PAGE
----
From Kimberly Hartke at the Weston A. Price Foundation:
WASHINGTON, DC. October 25, 2011. Honorable Judge Harold Baker of the United States District Court for the central district of Illinois has ruled that litigation challenging the use of soy foods in Illinois prisons will go forward. In his September 9, 2011 ruling, Judge Baker denied motions by the State and Wexford Health Sources for a summary judgment in their favor, thus bringing the case closer to trial. The ruling emphasized the importance of scientific and medical testimony at the trial.
The trial’s six plaintiffs are represented by the Weston A. Price Foundation, a leading voice on the dangers of soy foods, especially when consumed in large amounts. Involved in this suit since June 2009, the Foundation is seeking an injunction against serving soy-laden meals to Illinois prisoners. The lawsuit claims that feeding of soy-laden food constitutes cruel and unusual punishment in violation of the eighth amendment to the Constitution, as well as a denial of plaintiffs’ liberty in violation of their due process rights under the fourteenth amendment to the Constitution. The lawsuit also alleges that the private corporation and its private doctors, Wexford Health Sources, Inc. have been negligent in failing to provide adequate medical care to each of the plaintiffs who are suffering bodily injury and adverse health effects from being fed too much soy. The case is captioned Harris et al. v. Brown, et al., Case No. 3:07-cv-03225.
The use of soy in prison meals began when Rod Blagojevich was elected governor of Illinois in 2002. Beginning in January 2003, inmates began receiving a diet largely based on processed soy protein, with very little meat. In most meals, small amounts of meat or meat by-products are mixed with 60-70 percent soy protein; fake soy cheese has replaced real cheese; and soy flour or soy protein is now added to most of the baked goods.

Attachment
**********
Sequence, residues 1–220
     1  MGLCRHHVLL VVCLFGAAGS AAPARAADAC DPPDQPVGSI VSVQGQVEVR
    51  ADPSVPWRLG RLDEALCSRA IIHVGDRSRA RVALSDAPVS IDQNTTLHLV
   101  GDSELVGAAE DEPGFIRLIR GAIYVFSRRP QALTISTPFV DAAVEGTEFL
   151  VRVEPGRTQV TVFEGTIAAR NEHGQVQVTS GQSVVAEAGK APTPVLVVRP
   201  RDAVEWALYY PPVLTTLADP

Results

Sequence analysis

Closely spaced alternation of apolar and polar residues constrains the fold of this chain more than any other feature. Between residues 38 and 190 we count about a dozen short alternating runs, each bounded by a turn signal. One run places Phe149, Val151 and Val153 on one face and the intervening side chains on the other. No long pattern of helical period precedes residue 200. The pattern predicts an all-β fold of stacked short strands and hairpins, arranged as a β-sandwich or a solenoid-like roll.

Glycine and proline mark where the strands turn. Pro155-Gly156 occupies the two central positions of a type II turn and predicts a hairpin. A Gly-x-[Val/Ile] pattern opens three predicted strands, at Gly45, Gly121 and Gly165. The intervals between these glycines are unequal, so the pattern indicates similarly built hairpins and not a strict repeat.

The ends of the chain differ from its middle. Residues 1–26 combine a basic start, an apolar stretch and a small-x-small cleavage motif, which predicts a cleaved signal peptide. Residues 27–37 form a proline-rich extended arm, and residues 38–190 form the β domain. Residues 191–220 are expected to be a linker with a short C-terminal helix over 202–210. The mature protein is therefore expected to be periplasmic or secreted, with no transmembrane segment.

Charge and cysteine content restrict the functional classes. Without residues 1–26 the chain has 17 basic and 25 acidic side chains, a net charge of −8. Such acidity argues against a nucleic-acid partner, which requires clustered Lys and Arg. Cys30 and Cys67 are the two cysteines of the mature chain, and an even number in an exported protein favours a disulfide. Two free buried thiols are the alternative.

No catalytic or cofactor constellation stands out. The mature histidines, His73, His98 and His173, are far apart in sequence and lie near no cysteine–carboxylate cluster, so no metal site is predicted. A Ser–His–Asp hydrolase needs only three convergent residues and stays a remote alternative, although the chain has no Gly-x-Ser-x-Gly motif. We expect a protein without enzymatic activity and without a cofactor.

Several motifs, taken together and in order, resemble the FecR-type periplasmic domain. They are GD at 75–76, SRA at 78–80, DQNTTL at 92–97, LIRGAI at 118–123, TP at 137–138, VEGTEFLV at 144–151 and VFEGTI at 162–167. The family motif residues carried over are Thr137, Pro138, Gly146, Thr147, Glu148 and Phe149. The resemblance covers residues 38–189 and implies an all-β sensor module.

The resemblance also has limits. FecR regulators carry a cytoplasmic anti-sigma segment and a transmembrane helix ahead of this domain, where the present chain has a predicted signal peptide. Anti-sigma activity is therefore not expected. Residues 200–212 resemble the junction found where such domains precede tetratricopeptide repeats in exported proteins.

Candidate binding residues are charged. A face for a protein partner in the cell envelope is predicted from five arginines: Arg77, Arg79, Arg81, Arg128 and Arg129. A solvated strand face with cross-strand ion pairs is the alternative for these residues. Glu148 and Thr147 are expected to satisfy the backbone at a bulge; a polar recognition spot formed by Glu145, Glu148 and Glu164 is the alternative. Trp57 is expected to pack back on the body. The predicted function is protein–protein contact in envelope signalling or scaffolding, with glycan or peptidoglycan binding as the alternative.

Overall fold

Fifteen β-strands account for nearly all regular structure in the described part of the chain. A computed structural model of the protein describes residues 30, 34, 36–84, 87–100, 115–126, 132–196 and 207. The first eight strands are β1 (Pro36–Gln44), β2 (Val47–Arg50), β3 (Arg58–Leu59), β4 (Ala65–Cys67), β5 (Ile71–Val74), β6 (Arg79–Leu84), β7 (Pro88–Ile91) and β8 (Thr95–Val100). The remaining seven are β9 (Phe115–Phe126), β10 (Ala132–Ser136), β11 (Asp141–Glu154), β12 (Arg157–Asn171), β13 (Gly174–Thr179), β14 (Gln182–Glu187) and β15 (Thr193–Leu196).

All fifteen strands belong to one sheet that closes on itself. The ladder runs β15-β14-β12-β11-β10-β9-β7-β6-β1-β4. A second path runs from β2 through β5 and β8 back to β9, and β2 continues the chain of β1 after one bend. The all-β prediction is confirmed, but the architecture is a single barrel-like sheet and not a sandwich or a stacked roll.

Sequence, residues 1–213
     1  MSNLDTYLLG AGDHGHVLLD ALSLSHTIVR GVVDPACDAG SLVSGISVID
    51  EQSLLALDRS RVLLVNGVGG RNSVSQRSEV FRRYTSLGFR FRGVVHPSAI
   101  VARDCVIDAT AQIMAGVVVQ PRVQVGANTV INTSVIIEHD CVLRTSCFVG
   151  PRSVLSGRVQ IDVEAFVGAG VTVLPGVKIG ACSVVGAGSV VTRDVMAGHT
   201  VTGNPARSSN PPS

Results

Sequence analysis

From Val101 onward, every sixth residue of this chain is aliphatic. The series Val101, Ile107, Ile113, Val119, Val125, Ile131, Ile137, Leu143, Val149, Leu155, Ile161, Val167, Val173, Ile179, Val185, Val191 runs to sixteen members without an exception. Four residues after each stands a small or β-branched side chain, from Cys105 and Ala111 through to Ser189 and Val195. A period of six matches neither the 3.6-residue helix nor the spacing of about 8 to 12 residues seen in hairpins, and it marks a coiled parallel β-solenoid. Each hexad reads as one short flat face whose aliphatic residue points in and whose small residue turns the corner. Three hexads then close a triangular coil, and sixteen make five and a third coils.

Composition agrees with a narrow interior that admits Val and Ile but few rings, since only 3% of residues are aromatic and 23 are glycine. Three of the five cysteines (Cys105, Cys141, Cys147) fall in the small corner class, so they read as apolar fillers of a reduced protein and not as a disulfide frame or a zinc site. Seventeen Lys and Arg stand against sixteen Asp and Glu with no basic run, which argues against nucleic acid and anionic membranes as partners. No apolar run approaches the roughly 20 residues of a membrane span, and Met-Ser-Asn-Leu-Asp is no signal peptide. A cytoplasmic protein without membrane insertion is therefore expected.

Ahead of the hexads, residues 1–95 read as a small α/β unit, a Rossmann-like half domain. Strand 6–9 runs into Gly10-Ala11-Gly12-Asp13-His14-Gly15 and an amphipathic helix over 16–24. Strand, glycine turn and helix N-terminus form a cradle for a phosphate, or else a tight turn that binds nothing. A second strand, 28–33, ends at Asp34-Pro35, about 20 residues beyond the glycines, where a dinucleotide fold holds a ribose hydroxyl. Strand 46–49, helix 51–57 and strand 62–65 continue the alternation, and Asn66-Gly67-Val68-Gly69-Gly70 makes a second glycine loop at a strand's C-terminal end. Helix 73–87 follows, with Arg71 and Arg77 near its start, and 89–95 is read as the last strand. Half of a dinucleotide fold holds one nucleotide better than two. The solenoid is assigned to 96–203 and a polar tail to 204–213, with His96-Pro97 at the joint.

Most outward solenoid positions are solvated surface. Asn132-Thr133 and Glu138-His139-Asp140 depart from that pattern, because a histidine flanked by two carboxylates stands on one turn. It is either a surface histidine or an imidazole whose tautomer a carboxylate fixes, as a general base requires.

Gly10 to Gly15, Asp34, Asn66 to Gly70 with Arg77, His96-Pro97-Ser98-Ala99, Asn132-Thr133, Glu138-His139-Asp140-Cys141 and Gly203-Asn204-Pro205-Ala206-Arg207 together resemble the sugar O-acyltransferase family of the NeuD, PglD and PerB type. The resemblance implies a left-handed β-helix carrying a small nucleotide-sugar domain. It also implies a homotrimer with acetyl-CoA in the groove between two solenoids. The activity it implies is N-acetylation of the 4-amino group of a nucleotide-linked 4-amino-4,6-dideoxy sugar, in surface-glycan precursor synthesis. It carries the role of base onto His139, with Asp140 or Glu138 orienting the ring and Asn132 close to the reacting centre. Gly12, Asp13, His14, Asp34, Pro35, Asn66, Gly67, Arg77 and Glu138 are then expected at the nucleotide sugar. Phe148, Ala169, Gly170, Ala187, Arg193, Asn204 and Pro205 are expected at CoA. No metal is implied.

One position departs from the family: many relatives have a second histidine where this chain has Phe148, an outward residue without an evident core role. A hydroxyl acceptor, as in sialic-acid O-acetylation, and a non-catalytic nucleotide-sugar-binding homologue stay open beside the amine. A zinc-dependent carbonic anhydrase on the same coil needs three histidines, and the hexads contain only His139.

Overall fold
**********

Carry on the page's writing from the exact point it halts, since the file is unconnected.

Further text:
Early in 2007, the Weston A. Price Foundation began hearing from inmates who were suffering from a myriad of serious health problems due to the large amounts of soy in the diet. Complaints include chronic and painful constipation alternating with debilitating diarrhea, vomiting after eating, sharp pains in the digestive tract, especially after consuming soy, passing out, heart palpitations, rashes, acne, insomnia, panic attacks, depression and symptoms of hypothyroidism, such as low body temperature (feeling cold all the time), brain fog, fatigue, weight gain, frequent infections and thyroid disease.
A related case in Florida, Eric D. Harris versus Keefe Commissary Network and others,
number 2011CA000689 in the Second Judicial Court for Leon County, seeks a class action against the Florida Department of Corrections, for use of large amounts of soy in prison meals. Florida inmates wishing to participate in the lawsuit should contact the Weston A. Price Foundation at westonaprice.org or firstname.lastname@example.org.
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